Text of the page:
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The Finger Lakes Environmental Film Festival from the interns' point of view
Monday, April 13, 2015
Blog posting written by Sam Stahnke Cinema Production, '17, FLEFF Intern, Brooksville, Maine
Carlos Gutierrez is the cofounder and executive director of Cinema Tropical. Cinema Tropical combines traditional distribution with non-profit tools. Ultimately artistic, political or social validation becomes a key part of Cinema Tropical getting their films seen.
"Basically cinema is enabling other fields and art-forms to thrive," says Carlos. With more films produced then shown the production and engagement of cinema is out of proportion.
To Carlos the mingling of film styles hasn't had a meaningful discourse.
"These days the production is much more mixed... for example Asian cinema has had such a major influence on Latin Cinema, but that relationship isn't recognized."
This year Cinema Tropical shows Bad Hair at 9:00 pm at Cinemapolis. The film won at the San Sebastian film festival, which Carlos sees as opening the gateway to Venezuelan cinema. Despite the successful film festival circuit the film had trouble gaining distribution. Carlos and Cinema Tropical successfully used a micro-distribution model to get the film shown.
Karin Chien is the president of dGenerate Films
She sees the phrase "film is dead" as hyperbole, though art house cinema lacks a sufficient audience. "We all know how much Americans love subtitles," she says wryly.
Certain films are tuned to different markets. For example, some films sell on the educational markets. Other films like the three-hour long non-narrative documentary Ghost Town do well at festivals.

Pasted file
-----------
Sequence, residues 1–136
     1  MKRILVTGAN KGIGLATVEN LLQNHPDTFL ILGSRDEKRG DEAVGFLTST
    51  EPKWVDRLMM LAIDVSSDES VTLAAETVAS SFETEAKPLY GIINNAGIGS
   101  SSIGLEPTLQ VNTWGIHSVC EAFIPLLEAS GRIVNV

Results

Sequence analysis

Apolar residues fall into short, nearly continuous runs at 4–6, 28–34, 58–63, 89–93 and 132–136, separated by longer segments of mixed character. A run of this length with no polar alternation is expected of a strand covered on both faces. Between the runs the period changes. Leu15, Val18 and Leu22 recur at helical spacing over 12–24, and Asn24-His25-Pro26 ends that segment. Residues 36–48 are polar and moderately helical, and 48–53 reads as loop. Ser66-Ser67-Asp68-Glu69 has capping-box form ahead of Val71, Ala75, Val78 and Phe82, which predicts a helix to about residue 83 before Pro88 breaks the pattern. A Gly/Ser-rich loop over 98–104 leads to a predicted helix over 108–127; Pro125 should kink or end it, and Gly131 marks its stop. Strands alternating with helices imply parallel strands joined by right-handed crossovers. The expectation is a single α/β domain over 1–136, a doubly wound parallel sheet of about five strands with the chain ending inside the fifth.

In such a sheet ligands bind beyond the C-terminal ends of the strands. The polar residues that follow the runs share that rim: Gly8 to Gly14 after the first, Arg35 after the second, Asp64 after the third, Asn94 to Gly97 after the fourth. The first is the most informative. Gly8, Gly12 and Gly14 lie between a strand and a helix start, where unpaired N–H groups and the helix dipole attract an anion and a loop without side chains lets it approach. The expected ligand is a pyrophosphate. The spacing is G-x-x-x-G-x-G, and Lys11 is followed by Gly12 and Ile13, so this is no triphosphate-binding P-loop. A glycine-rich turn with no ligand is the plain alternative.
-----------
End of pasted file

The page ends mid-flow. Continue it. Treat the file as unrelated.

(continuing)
Karin deals with films on a case-by-case basis.
DGenerate defined their work as coming specifically from Mainland China due to the repressive censorship practices in that particular market. This became more complicated when a minority Chinese filmmakers moved to places outside China.
According to Karin a few filmmakers that show their films at festivals have emigrated, or been arrested.
DGenerate's film Floating shows at Cinemapolis at 9:05 pm.
Rodrigo works as the vice president of marketing and publicity at Kino Lorber.
Brandao sees the old structures of film distribution eroding. Additionally the new digital spaces lack gatekeepers. "Art-house cinemas are struggling and dying," says Brandao. In this new environment Brandao cites festivals like FLEFF as a non-passive way of consuming films.
He maintains the new modes of exhibition don't fit the utopian model that many think. Films can become buried he argues.
Kino relies on the international film festival circuit to procure films with an audience. Because of the difficulty of marketing films today many distributers require films that have validation from festivals.